Thursday, August 22, 2013

Expression Parsing - August 22, 2013

Posting early today, non-work stuff going on that needs my attention this afternoon.

Despite having some cough/cold thing going on, 1700 lines of code later we have a functional multi-type expression parser.  There's still some function-calling functionality to add, but I can evaluate with proper operator precedence at least.

I've written similar things before, but not supporting multiple types.  Thanks to the hell magic of templates, anything that has overridden operators in C++ is pretty easy to add as a new type, though all of the permutations of <type1> <operator> <type2> are entered manually - I can't really think of any good way to get around that.


Current built in types:
bool
int
float
VECTOR4
COORD4
EULER
QUAT
SQT
MATRIX4

Variables are bound from C++ and looked up by name, so we can directly read (or modify) values from the game.  Currently there is just a single set of variables, but it should be pretty easy to allow multiple sets, so you could have something like a set of "global" variables, and then have some local to the game object or component the script is attached to.

There's quite a bit of template stuff going on, this is basically the core of storing values:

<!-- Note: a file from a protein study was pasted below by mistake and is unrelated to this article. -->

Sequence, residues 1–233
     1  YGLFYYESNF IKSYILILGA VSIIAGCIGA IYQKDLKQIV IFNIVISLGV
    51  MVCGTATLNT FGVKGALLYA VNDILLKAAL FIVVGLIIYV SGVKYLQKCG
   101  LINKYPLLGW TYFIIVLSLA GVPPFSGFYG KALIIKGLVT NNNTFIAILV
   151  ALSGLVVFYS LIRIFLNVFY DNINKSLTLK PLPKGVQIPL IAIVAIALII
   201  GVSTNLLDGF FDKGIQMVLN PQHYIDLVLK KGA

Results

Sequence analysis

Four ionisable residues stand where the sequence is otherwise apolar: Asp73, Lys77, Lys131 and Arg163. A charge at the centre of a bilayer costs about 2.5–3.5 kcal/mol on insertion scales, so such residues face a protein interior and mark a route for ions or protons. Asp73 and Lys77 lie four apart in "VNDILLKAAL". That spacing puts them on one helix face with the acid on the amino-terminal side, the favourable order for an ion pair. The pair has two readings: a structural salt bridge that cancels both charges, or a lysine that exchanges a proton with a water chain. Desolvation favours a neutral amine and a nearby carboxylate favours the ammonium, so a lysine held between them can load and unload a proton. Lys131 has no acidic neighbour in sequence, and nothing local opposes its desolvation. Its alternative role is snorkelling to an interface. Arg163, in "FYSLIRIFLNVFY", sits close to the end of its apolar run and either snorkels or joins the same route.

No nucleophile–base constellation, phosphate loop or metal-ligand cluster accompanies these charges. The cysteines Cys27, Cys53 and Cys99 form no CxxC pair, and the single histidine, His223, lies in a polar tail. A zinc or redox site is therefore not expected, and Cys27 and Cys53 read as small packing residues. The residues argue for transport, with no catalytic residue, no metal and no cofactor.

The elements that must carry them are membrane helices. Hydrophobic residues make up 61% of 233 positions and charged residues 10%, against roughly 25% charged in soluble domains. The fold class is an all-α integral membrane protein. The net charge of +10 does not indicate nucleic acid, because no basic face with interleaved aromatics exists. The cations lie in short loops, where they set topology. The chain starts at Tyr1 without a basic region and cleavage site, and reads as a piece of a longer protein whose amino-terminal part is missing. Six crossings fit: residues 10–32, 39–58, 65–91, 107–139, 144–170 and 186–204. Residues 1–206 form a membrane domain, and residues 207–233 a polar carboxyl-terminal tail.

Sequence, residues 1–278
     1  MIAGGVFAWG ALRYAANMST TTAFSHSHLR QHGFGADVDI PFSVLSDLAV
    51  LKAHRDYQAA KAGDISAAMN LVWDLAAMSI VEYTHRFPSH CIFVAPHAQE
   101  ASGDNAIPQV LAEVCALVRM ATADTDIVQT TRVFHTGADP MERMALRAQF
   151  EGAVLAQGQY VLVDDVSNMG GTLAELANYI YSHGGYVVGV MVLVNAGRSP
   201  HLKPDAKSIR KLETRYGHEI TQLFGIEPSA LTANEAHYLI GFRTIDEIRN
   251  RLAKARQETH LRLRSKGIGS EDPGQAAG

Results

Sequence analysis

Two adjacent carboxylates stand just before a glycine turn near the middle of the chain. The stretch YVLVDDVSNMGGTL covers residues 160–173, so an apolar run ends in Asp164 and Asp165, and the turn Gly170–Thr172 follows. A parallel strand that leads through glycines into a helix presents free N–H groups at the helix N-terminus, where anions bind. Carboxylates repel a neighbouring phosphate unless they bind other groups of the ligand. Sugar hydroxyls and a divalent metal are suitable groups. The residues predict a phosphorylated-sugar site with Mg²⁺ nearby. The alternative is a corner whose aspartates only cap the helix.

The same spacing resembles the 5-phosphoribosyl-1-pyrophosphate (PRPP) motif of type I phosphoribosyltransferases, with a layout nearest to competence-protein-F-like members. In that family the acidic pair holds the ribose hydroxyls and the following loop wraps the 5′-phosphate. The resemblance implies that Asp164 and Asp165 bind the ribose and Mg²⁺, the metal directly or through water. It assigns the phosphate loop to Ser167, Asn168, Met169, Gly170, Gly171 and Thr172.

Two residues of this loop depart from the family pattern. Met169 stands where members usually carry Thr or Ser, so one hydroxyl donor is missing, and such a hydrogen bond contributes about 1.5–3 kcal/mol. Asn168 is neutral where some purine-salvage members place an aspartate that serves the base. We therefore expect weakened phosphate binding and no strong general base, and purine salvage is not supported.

//The base class for storing anything with a result type
template <typename T>
class cTypedExpr : public cExpr
{
public:
    virtual eType Type() const { return GetType<T>(); }
};


//Stores a constant of a specific type
template <typename T>
class cTypedConstant : public cTypedExpr<T>
{
public:
    cTypedConstant(const T &v) : mValue(v) { }

    virtual void Eval(cResult<T> &result) { result.mValue = mValue; }

    T mValue;
};


//Stores a pointer to a type, and lets us get it as an l-value
template <typename T>
class cTypedIdentifier : public cTypedExpr<T>
{
public:
    cTypedIdentifier(T *v) : mValue(v) { }

    virtual bool IsLValue() const { return true; }
    virtual void Eval(cResult<T> &result) { result.mValue = *mValue; }
    virtual void LValue(cLValue<T> &result) { result.mValue = mValue; }

    T *mValue;
};


If you're not familiar with compilers, an l-value is, basically, the left side of an assignment operation, so you need to get the memory address to write to, not just the value.

Hopefully I'll get this tied into the game in some useful way tonight.

Now, if I add for/while/if statements, and variable declarations, I'll have my own programming language...

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